When working with ink or watercolor, you don't always know what will happen. Serbian artist Endre Penovác, however, has learned to embrace the effortless twists and turns of these water-based mediums in his series of cat illustrations. Beginning with a blot of black pigment, Penovác manipulates the flow until it mimics the sinuous shape of a feline.
Each of these striking minimalist depictions highlights the understated beauty of black ink, particularly how it interacts with water, the brush, and paper. One long brushstroke becomes a sinuate tail, for instance, and a daub of black ink that bleeds into lighter gray hues is easily transformed into the body of a cat. Even the feathering of the paint—which Penovác delicately accentuates with his tools—is harnessed by the artist to enhance the texture of the fur.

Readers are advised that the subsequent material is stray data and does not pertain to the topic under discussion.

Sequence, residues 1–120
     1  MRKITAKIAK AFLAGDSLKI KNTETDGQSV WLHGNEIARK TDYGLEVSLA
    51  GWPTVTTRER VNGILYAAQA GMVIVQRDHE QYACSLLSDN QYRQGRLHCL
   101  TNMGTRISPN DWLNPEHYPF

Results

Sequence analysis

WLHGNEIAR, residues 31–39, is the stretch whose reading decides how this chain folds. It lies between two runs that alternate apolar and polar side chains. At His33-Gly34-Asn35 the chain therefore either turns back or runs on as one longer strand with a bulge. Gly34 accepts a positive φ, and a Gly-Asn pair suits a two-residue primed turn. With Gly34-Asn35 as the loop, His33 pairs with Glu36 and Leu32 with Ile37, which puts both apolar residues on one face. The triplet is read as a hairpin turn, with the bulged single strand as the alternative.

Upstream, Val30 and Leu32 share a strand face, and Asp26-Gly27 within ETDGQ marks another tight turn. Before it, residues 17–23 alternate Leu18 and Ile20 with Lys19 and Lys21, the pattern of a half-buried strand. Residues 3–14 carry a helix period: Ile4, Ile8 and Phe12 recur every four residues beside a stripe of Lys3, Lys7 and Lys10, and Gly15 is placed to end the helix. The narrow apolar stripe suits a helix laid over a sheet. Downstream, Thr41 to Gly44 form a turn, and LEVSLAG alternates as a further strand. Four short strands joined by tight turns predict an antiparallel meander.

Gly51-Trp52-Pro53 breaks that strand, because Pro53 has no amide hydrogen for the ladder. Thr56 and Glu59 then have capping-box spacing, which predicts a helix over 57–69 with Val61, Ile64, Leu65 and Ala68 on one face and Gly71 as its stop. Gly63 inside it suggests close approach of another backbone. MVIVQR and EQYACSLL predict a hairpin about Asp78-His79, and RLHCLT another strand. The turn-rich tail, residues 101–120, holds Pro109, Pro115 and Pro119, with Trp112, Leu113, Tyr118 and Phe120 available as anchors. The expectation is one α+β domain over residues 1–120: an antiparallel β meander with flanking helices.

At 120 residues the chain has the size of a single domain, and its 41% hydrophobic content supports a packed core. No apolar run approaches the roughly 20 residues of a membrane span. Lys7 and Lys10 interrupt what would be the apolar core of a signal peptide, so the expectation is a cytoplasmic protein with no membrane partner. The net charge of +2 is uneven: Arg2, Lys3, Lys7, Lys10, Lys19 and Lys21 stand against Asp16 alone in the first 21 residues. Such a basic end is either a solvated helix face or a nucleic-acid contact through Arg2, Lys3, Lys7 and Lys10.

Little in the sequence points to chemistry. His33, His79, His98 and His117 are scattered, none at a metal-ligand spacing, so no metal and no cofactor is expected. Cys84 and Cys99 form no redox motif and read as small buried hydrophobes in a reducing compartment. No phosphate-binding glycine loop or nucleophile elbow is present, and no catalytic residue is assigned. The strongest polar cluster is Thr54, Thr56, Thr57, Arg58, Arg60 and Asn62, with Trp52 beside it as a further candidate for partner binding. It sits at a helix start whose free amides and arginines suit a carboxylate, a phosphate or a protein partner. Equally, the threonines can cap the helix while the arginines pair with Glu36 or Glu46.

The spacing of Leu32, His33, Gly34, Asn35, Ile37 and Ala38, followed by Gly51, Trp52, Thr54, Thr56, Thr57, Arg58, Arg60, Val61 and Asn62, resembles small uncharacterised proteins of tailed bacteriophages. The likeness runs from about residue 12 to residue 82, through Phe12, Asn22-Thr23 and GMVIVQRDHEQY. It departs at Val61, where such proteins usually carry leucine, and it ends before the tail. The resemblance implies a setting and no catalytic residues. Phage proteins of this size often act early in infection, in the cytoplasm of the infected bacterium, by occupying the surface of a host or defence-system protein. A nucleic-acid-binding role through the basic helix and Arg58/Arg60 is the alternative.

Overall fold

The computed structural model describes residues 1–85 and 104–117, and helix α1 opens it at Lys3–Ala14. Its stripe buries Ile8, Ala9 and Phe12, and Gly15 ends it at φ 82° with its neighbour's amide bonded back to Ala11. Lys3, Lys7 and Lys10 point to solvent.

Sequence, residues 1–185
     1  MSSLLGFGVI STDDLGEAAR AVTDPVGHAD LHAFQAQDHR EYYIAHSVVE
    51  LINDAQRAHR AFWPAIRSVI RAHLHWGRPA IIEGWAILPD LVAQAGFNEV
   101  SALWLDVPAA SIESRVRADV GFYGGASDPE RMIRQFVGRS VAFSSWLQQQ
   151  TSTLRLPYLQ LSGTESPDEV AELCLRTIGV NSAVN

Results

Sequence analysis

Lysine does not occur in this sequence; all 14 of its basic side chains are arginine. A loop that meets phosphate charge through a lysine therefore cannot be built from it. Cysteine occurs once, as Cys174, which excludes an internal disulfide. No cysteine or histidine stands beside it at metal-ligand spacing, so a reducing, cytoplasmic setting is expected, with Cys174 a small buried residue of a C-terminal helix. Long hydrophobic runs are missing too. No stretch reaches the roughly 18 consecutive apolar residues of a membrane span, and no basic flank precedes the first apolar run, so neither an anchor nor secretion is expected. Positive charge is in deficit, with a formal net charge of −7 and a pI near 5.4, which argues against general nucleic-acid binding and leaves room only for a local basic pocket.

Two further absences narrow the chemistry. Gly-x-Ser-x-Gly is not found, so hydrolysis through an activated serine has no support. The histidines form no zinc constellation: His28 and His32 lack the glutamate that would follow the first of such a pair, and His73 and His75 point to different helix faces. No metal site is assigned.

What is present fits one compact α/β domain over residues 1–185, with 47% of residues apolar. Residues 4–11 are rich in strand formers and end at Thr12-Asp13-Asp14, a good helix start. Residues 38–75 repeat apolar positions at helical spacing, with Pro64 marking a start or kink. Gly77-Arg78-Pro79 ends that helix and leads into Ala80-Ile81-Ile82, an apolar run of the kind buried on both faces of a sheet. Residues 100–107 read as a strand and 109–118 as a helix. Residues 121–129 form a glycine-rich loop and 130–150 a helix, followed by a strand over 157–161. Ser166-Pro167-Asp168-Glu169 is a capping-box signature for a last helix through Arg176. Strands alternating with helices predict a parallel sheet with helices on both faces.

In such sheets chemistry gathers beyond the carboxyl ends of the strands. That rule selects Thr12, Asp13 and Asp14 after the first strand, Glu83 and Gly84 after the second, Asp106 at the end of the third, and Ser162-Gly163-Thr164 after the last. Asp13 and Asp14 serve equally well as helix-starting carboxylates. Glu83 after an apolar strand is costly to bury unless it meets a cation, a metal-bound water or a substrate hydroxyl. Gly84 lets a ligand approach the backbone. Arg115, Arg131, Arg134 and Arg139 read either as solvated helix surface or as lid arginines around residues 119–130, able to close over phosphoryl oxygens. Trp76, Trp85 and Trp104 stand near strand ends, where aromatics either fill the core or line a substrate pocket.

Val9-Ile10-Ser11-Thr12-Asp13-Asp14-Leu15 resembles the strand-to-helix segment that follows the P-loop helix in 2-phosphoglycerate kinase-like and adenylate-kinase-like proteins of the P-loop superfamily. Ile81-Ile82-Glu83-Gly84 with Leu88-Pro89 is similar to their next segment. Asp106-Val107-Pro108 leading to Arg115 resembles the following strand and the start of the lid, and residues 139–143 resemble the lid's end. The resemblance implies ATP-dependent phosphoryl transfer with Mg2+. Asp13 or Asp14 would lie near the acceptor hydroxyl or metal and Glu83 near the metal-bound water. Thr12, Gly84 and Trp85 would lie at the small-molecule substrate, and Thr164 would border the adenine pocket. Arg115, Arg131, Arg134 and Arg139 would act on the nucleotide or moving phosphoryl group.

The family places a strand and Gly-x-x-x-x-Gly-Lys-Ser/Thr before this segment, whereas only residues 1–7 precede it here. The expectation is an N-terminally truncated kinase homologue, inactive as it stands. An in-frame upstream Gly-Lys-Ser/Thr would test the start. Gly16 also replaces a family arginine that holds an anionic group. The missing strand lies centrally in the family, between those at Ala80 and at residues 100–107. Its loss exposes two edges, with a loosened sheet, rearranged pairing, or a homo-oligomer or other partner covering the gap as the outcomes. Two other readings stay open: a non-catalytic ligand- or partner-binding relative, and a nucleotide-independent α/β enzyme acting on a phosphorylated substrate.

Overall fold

Rooted in simplicity, Penovác's art thrives with its limited color palette. Despite only using black, blue, and (occasionally) yellow ink, he is able to convey different kinds of cats by utilizing form and negative space. In one example, the pattern of a black-and-white feline is partially determined by the absence of black ink in areas of the cat's figure. Even without a line to guide us, we follow the shape of the other key areas of paint to complete the image of the animal subject.
Artist Endre Penovác creates expressive paintings of cats.
He uses a combination of black ink and watercolor to create loosely-defined shapes.
The hazy effect of the paint bleeding and feathering mimics the texture of animal fur and feathers.
These minimalist depictions also convey a sense of movement.